Tonight the Grade II Millbank Tower, on the Thames next door to TateBritain, is set to buckle and bend. However, C20 won’t be panicking: it’s just a carefully planned illusion and a publicity stunt for Nokia. At 9pm massive projectors south of the Thames will beam across at the building’s convex façade and create a show which has “a relationship with the architecture”. No idea what it will be like, but it’s just up the road from me, so I may go and have a look. If you do likewise and want to impress your companions with your knowledge, note the following:
The Millbank Tower was built as the Vickers Tower (1959-63) and designed by Ronald Ward and Partners. It has a reinforced concrete frame and core with glass curtain walling with projecting stainless steel mullions (opaque panels of blue glass below the windows and narrow black panels between each storey).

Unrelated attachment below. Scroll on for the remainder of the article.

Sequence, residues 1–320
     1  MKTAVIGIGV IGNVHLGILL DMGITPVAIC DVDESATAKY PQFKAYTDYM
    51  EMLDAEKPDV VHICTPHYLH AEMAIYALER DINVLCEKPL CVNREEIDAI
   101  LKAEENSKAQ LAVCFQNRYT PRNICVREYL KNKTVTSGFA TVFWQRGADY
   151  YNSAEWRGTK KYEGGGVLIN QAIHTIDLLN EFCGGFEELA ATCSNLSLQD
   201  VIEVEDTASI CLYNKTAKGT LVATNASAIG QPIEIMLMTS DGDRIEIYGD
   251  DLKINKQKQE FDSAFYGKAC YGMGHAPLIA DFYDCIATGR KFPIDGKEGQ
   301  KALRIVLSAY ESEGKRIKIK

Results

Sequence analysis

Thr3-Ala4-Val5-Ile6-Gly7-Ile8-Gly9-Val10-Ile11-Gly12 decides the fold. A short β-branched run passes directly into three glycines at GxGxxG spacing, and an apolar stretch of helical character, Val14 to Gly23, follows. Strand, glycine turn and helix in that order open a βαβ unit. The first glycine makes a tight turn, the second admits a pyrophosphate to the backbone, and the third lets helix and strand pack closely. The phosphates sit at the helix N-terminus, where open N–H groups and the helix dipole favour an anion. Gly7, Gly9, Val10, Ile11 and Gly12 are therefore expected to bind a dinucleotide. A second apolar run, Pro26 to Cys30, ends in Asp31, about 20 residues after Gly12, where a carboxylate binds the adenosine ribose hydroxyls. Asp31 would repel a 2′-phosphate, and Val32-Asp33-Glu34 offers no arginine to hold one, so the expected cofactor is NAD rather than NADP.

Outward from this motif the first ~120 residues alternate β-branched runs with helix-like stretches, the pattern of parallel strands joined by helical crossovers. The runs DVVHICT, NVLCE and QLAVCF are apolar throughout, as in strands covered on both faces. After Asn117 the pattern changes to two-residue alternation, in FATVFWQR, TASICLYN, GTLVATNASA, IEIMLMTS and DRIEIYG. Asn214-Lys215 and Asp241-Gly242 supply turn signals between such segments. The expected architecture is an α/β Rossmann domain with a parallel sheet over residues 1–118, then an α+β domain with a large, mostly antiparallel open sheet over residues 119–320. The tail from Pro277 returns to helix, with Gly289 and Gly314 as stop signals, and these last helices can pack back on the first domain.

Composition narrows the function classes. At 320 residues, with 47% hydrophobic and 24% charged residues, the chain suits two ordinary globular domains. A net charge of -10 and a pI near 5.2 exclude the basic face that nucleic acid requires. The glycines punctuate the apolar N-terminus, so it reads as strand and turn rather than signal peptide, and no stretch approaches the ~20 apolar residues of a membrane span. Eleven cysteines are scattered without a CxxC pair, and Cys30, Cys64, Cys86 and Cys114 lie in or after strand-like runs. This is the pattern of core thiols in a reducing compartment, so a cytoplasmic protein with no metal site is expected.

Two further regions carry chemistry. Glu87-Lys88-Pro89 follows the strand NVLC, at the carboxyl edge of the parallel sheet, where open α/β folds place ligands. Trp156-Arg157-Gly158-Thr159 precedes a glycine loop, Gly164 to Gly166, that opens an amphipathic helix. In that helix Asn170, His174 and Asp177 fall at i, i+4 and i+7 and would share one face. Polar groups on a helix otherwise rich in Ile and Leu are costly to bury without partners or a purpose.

Last time I visited the original Vickers boardroom was still in place on the top floor, complete with timber panelled walls inset with relief models of ships—Vickers was an engineering firm specializing in military contracts, but it was not to inhabit its prestige headquarters for long. Whilst the tower was under construction its aircraft interests were merged into the British Aircraft Corporation, and both BAC and Vickers’ shipbuilding division were nationalised under the terms of the 1977 Aircraft and Shipbuilding Industries Act .
My favourite building by Ronald Ward and Partners is Dungeness Lighthouse, (the one built in 1960—there are several lighthouses on the shingle beach). That is Grade II* listed and constructed from 21 precast black and white concrete drums, each 5ft high, and stacked up to form alternating bands of colour. The whole structure was then post-tensioned by running high tensile steel wires through the walls from top to bottom and tightening them up. This method means that the tower does not have to spread out at the base to gain extra strength, like a traditional lighthouse.